The popular EA Sports NCAA football video game has been gone for two years, as the NCAA stopped licensing the game to the video game maker, fearing backlash in its pending federal antitrust cases.
However, there's ongoing hope that the game will eventually come back--and that outcome seems inevitable, if and when the resolution of said antitrust cases modifies or eliminates the association's amateurism rules, in turn allowing college football players to license their names, images and likeness to EA Sports and be compensated for doing so. In fact, EA Sports already wants to bring the game back under a pay-for-likeness umbrella. Only the NCAA and its member schools are holding up a return, with association president Mark Emmert sticking to the legal script and calling his organization's involvement in the video game business "inappropriate."
In one sense, Emmert has a point: sports video game involvement is what led to former UCLA basketball star Ed O'Bannon's landmark case against the NCAA, which last year resulted in a federal judge finding that the association's amateurism rules violate federal law. An appeals court upheld most of that finding on Wednesday, and if future cases strike down college sports pay-for-play and pay-for-likeness prohibitions entirely, a new EA Sports game becomes a whole lot more appropriate.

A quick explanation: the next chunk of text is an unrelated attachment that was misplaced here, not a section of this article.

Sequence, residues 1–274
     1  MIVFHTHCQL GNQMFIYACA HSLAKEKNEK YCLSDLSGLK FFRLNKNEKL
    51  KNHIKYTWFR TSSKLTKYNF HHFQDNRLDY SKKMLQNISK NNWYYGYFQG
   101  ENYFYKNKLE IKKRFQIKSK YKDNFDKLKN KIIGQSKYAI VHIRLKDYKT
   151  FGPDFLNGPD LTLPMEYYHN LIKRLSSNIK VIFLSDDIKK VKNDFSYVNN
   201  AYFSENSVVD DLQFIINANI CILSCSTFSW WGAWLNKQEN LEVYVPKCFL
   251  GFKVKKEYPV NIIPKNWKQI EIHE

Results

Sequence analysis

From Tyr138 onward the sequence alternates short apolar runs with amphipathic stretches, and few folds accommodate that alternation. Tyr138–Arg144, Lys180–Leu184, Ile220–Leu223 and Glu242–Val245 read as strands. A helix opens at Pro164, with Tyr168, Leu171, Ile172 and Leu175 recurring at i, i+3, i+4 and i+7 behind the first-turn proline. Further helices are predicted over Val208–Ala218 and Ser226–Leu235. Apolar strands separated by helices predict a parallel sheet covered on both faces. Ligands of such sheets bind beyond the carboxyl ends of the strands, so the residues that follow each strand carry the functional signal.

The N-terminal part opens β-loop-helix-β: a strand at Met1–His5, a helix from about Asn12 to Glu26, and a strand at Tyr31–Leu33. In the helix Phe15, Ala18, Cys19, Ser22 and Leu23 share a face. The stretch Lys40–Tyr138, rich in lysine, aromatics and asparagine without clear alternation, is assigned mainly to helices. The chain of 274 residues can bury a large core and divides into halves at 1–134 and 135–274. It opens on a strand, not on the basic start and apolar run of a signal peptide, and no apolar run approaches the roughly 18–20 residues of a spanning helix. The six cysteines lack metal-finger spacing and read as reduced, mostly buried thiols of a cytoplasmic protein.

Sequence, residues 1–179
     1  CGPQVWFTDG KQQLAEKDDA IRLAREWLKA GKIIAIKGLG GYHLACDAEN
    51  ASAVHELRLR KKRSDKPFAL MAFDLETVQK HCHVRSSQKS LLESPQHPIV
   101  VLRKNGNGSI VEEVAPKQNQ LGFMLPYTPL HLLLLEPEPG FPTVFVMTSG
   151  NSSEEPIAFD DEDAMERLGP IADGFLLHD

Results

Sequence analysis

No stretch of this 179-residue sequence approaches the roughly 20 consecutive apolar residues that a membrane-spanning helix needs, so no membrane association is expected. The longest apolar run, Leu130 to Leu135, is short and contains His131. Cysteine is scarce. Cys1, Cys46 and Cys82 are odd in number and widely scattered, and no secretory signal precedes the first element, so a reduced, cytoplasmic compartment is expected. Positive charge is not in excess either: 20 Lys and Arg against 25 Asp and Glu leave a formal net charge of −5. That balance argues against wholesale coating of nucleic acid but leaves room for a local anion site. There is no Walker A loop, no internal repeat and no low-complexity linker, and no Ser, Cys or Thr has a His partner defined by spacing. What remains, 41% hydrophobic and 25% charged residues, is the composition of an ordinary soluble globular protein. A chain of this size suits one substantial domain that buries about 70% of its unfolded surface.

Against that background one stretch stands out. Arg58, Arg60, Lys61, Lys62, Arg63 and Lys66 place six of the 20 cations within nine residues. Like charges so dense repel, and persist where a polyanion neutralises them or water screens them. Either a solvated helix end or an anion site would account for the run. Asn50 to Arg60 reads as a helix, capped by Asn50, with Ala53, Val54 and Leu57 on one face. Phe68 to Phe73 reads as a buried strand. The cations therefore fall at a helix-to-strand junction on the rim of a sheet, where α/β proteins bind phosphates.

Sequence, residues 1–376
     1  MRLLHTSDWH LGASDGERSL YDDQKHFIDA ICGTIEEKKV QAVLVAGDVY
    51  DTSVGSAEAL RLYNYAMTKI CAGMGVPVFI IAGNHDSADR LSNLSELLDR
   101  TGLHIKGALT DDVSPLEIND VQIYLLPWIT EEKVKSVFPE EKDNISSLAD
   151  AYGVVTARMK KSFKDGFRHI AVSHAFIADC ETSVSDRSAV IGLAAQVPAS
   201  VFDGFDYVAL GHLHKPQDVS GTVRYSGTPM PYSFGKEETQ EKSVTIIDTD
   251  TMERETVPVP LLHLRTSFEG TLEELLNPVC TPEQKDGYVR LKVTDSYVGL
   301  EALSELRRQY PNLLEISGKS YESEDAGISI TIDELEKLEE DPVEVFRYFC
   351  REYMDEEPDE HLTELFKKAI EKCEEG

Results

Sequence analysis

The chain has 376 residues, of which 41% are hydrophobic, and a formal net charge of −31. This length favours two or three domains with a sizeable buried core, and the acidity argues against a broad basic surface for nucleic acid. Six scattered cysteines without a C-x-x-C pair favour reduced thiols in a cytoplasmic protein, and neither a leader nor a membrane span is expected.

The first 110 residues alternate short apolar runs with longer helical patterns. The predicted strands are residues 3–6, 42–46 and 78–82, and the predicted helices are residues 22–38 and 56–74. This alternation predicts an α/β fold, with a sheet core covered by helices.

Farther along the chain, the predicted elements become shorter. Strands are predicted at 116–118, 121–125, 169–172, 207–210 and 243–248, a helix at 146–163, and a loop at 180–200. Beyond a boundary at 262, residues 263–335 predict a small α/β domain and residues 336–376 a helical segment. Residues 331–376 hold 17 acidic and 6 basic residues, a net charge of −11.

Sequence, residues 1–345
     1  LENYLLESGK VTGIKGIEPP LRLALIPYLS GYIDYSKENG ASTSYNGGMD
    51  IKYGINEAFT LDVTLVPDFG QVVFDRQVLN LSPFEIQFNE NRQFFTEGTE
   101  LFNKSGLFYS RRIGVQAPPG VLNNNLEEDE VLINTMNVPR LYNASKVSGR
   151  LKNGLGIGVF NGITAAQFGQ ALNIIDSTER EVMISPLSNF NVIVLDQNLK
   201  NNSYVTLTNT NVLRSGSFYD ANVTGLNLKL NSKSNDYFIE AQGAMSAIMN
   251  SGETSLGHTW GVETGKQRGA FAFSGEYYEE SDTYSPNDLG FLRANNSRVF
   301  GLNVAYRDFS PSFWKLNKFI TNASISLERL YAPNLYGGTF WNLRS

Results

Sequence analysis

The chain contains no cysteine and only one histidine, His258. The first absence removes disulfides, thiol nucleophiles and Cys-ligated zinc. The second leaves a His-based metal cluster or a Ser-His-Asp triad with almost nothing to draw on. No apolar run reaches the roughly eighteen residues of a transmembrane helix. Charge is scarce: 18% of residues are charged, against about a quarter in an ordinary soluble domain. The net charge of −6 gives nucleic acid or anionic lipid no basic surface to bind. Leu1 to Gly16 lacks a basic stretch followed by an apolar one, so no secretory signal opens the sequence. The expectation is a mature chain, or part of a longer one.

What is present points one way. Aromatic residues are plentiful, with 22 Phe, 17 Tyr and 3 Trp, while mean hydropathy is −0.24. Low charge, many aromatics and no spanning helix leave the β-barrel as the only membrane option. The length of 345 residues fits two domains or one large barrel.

More importantly, colleges like cash. If they're ever forced to pay athletes, they're going to want more profit for themselves, too. Licensing school, conference and NCAA trademarks to a video game maker that does all the production work and takes all of the sales risk is essentially free money.
Small wonder, then, that today's O'Bannon appeal decision calls the NCAA's video game bluff:
The NCAA argues, however, that we cannot find that the plaintiffs have suffered an injury in fact based on lost compensation from video game companies because the NCAA has terminated its relationship with EA and is not currently working with any other video game maker. We disagree. The district court found that it is entirely possible that the NCAA will resume its support for college sports video games at some point in the future, given that the NCAA found such games to be profitable in the past, id., and that finding of fact was not clearly erroneous. Given the NCAA's previous, lengthy relationship with EA and the other evidence presented, it was reasonable for the district court to conclude that the NCAA may well begin working with EA or another video game company in the future.
Basically, the court doesn't believe the NCAA when it says you won't be getting your video games back. (Not mentioned by the court: the just-released NBA 2K16 features 10 officially licensed college basketball programs, including Arizona and Georgetown. If the association feels that video games are inappropriate, its member schools seems to feel otherwise).
When will games get to play NCAA Football again? Speculatively speaking, a full game probably won't come until a current antitrust case led by feared sports litigator Jeffrey Kessler that seeks full free agency for college athletes is resolved. NCAA 17 or NCAA 18 are probably a stretch; NCAA 19, not so much.